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Kimberley and Chocolate Kimberley Review
I was interested to note the recent emails concerning our Russian cousins' drinking of tea with jam, and would like to tell Nicky Bramley about my Polish experience: one of the jams of choice which was added to tea in that fine country, by my unfine fellow-at-the-time, was rose jam. It had petals and everything (when I say 'everything' I exclude thorns and hips and leaves and stalks and roots). Rose jam is also a popular choice in Poland's famous doughnuts, which are merrily scoffed in a pre-Lenten fashion (a la pancakes), as is cheese. But that is another - and quite dangerous - matter. Imagine those petals floating up in your tea! Very pretty.
PS I am currently downing vats of tea (milked, not jammed) in order to rid my mouth of the unpleasant sensation of a Jacobs Kimberley. How can these atrocities be permitted in this day and age?
||Wow, I’d love to know what type of jam is used in Russian tea.|
Strawberry? Lumps of strawberry hunkered at the bottom of the cup
Raspberry? A layer of pips to sieve through your teeth when you get to the bottom
Rhubarb? Stringy floaters
Blackcurrant? Little bouncy purple balls popping to the surface from time to time
Aren’t other countries wonderful?
|Nicey replies: Yes it does raise many questions, doesn't it?|
I'm glad that you have decent jam at NCOTAASD HQ - this means you can try drinking tea Russian style. I lived in Russia a few years ago and when I first came across tea-with-jam, I thought "Yuck!" - until I tried it. It's easy to make - make ordinary black tea the way you like it best, then stir in a generous teaspoonful of good-quality, preferably home-made jam. Don't add milk, and obviously you won't need sugar.
Incidentally, the Russians don't always drink tea like this, just when they have people round for tea. The jam (in Russian, varenie) is provided in bowls and people also put it on slices of bread - and it's always home-made and extremely nice.
I do hope you like this new tea-drinking experience. I'm going to go and eat some biscuits now.
|Nicey replies: That is so much more impressive than fruit tea.|
In this state of tropical weather we are having in Yorkshire (can’t stand it myself, bring back the rain!), do you recommend trying iced tea? I once had this drink in Paris and it was vile and bitter. It is too hot for me to drink a normal cuppa, but I am missing it also. What can I do?
|Nicey replies: Marge,
We would never ever recommend drinking iced tea, its muck. You just need to gather yourself and have a proper cuppa, you'll be fine. Maybe get a few scones and some jam and cream and pretend you're on holiday. I have to say I'm getting quite skilled at scone making, and we have pretended to be on our holidays about 3 times in the last month.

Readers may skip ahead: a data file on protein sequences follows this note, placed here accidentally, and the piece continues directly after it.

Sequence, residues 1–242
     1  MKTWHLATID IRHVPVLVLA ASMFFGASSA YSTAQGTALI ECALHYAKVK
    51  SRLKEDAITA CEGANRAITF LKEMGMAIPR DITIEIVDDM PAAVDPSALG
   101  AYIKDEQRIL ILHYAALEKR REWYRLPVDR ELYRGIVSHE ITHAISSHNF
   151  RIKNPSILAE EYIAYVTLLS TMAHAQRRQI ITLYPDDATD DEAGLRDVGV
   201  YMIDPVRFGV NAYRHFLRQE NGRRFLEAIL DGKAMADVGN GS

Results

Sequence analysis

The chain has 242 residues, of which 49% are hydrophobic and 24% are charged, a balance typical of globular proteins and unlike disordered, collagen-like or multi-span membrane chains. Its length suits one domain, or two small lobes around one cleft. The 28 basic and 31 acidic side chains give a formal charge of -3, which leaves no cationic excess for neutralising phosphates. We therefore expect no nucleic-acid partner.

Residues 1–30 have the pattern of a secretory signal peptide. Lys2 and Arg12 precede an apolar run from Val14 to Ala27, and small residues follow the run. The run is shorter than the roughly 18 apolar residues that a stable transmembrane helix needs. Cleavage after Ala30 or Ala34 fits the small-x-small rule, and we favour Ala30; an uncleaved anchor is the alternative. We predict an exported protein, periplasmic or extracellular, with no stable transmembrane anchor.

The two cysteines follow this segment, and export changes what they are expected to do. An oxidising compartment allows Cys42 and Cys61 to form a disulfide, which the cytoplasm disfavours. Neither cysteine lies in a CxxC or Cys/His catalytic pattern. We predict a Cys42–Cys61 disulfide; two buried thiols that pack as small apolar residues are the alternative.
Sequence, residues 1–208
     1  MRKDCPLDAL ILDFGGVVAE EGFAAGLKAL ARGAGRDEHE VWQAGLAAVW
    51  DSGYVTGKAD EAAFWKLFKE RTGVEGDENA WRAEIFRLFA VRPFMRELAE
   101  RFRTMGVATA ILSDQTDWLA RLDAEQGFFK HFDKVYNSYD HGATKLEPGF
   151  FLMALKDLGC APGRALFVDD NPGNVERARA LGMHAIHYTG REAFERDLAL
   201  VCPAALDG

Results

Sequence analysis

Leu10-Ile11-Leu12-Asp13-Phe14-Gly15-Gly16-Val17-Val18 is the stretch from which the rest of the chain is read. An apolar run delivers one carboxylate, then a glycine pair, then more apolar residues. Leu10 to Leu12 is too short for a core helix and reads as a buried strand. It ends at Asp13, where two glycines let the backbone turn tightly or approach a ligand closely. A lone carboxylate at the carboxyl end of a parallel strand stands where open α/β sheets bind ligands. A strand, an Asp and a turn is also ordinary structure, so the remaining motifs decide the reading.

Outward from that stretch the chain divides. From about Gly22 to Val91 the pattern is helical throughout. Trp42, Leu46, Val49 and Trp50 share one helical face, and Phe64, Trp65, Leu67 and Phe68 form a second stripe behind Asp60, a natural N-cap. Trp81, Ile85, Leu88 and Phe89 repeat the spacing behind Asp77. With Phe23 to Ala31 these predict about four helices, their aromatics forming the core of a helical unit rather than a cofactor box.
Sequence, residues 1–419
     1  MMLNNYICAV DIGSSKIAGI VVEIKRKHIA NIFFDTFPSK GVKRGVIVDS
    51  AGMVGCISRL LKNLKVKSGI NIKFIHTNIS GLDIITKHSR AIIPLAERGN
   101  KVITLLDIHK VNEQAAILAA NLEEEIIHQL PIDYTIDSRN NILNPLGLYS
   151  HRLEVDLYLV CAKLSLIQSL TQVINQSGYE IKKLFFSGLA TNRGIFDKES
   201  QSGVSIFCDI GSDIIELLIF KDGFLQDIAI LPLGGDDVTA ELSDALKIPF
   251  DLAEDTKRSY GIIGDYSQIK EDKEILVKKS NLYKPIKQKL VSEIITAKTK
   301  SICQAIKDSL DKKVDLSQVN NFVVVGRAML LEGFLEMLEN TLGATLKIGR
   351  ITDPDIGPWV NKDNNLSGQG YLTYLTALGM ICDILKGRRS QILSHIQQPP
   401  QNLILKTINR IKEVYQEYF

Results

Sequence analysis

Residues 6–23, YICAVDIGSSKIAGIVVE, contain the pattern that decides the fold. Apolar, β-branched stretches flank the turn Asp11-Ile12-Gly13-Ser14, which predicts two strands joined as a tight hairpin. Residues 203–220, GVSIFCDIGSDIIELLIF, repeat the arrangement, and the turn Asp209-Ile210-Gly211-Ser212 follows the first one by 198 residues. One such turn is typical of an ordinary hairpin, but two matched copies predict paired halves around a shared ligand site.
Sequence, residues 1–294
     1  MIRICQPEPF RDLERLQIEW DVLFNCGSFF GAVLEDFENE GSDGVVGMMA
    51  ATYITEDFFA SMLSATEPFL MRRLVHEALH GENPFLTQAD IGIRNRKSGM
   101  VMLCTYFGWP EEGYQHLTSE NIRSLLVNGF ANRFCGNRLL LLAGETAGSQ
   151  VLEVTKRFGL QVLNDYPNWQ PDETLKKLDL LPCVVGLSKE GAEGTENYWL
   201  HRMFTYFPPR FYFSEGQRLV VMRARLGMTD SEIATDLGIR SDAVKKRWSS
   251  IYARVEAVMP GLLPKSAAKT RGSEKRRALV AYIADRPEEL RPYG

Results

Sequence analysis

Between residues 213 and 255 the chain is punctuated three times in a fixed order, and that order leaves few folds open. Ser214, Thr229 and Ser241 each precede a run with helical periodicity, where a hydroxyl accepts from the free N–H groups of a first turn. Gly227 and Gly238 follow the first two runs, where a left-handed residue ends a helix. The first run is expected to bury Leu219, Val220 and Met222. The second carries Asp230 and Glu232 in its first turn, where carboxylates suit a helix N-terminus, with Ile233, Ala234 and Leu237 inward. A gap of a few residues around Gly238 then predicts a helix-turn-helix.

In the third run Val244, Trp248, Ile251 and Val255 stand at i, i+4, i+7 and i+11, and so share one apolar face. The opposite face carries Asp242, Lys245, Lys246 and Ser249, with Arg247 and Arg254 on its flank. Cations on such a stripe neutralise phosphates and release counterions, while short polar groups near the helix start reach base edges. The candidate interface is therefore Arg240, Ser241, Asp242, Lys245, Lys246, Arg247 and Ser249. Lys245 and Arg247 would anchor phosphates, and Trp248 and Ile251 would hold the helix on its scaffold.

|Mrs Ann Day
||Good afternoon Nicey,|
Love the site. Anything that keeps me off of eBay is a good thing!
Where do you sit on the subject of date slice? Is it a biscuit or a cake or something else? I have made loads of these as they go well at a cricket tea along with the jam and cream scones, chocolate cake and strong tea. I always know when to start brewing the tea....it's when my husband goes in to bat.
As an addition to my extensive cake repetoire I have invented the bakewell slice and the mincemeat and marzipan slice. Basically the same constrution as the date slice but filled with marzipan and mincemeat/jam of your choice. I especially like making them as my husband hates marzipan and I get to eat them all ;-)
On the subject of tea I have been to India on a number of occasions and they can't make tea worth a damn. what with the hot milk and boiling everything up together in a saucepan. What is it with Lipton's Yellow label tea? It seems to be all you can get in hotels. I've travelled extensively and the only hotel where it wasn't on the breakfast table was in The Dominican Republic where they served proper Twinings Breakfast tea.
|Nicey replies: Ann,
We had a discussion on this very topic not so long ago and agreed that 'slice' should be a recognised term deserving of its own circle in our mighty Venn Diagram of the baked goods world. It has the significant advantage of neatly solving the 'Flapjack dilemma' that has plagued cake biscuit taxonomy theory for years.
Of course the only problem in all of this is that I had just got the diagram looking very nice for the book and I'll have to redo it.